The Clackamas County Board of Commissioners decided they could not sign onto a letter with State Rep. Janelle Bynum, D-Clackamas, calling for new measures to improve access to mental health care for all Oregonians.
During a policy session Tuesday, commissioners were generally supportive of the message Bynum is pushing that Oregonians, particularly those of color, are in dire need of more access to mental health services as this outbreak of COVID-19 continues to cause stress and anxiety for hundreds of thousands who are now without jobs, dealing with health issues or simply fearful over these uncertain times.
But there were certain provisions in Bynum's letter that the board couldn't support.
Bynum's letter, addressed to Gov. Kate Brown and Oregon Insurance Commissioner Andrew Stolfi, requested three things.
The first is to allow mental health interns — of which there were 1,446 in Oregon as of March 27 ready to practice — on insurance panels so they can begin serving Oregonians seeking treatment and bill their insurance properly.
"These newer counselors have often developed more cultural competency through education, and many are counselors of color or from underrepresented communities," Bynum wrote. "As a result of not being able to bill insurance, clients do not get the care they need, and some end up having to forgo mental health treatment entirely."
Secondly, the letter asks the state to reduce its current requirement of 2,400 hours to receive licensure to practice as a mental health professional in half to 1,200 so that Oregon can attract new professionals and bolster its mental health workforce. The letter notes that Oregon is potentially losing valuable workforce due to its restrictive requirements with Idaho only requiring 400 hours, Washington 1,200 and California 1,750.
Last, Bynum is requesting that a COVID-19 mental health relief fund be set up to help recruit and retain counselors of color to meet the growing demand for mental health professionals in Oregon's communities of color and in rural areas.
According to Trent Wilson, county government and public affairs specialist, the county's departments were generally in favor of the provisions laid out in Bynum's letter, but the Housing, Health and Human Services Division expressed concern over the lowering of the hour requirement for licensure.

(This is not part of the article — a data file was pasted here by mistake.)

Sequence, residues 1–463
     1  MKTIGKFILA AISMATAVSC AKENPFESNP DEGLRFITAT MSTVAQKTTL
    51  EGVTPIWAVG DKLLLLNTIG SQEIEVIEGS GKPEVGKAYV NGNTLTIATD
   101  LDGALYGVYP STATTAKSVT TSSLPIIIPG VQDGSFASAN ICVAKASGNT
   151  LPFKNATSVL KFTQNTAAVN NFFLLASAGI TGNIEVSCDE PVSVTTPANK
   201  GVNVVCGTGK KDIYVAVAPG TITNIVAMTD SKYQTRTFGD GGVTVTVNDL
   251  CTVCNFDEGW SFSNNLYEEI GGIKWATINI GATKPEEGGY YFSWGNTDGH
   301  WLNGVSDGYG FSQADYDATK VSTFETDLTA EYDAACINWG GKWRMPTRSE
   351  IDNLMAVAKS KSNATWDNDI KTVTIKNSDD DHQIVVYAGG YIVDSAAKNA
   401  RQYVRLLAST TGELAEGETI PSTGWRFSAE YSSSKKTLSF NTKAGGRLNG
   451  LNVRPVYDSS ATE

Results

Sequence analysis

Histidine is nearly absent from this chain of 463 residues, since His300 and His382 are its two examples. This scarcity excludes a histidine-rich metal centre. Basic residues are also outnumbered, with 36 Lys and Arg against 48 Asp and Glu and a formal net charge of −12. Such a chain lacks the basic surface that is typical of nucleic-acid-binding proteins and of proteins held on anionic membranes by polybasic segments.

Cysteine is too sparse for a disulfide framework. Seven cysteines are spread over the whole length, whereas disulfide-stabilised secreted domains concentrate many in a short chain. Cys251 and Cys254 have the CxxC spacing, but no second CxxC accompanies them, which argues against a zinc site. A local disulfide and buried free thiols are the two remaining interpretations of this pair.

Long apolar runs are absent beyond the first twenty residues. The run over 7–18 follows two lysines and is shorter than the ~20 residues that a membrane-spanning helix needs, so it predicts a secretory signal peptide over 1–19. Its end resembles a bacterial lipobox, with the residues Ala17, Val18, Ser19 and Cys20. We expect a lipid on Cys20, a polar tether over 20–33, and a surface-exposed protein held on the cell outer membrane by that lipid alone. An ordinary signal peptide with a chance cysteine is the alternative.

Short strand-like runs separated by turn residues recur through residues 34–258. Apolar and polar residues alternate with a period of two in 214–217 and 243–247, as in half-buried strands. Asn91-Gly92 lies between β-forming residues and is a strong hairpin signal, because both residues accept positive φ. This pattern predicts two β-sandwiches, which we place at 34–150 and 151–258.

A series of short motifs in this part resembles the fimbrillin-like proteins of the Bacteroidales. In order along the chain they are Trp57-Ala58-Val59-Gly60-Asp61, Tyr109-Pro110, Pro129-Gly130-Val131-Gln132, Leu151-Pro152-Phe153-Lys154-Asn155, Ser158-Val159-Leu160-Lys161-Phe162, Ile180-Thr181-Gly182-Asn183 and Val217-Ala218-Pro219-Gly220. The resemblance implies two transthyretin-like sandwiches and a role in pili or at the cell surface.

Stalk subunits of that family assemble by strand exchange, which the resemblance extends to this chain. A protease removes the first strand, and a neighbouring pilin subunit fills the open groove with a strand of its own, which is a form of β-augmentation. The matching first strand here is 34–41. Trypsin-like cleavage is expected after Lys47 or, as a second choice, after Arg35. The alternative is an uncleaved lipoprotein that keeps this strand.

The issue of hour requirements is one that's been discussed ad nauseam within the Oregon Legislature, but with little movement in any direction. Commissioners agreed they didn't feel comfortable supporting something they have no professional expertise in making a decision on.
"My concern is, who are we to judge what qualifications people have to do their work," County Chair Jim Bernard said. "I'm just a county commissioner; I'm not a doctor, so I don't support signing this."
Commissioner Ken Humberston agreed, adding that he'd like to hear more as to whether the hour requirement change would be temporary in order to put more boots on the ground during the continued coronavirus outbreak or permanently.
According to Rep. Bynum, the change would be permanent, and she stands by the implementation of that measure.
"Through having higher direct hourly requirements than the states around us, we have made it harder for our recruiters to obtain the workforce that we need," Bynum told Pamplin Media Group. "Through lowering the direct hourly requirement to match Washington's, we would gain a competitive advantage in hiring over some other states."
She also points out that even before the coronavirus pandemic, Oregon has long struggled to connect those seeking mental health care with the services they need.
According to a workforce analysis compiled by the Oregon Health Authority in March 2019, Oregon's population reports higher rates of mental health conditions including serious mental illness and serious thought of suicide when compared with national rates and the rates of its neighboring western states. Oregon youth report concerning levels of serious mental health conditions with rates of serious thought of suicide that double (sixth grade) and triple (11th grade) the rates of adults in Oregon.
The OHA's analysis also found that mental health prescribers as a whole identify as approximately 80% white and 89% non-Hispanic, with significant underrepresentation of Hispanic prescribers at only 5% in comparison with 13% of Oregon's general population.
"Communities of color were not alone in flagging the challenges of Oregon's mental health care system as this has been identified as a problem by OHA, the (Oregon) Advocacy Commissions and county mental health departments," Bynum said. "We do not have the workforce that we need right now. Now more than ever, we need mental health practitioners to help us heal so that we can not only survive, but thrive after this pandemic."
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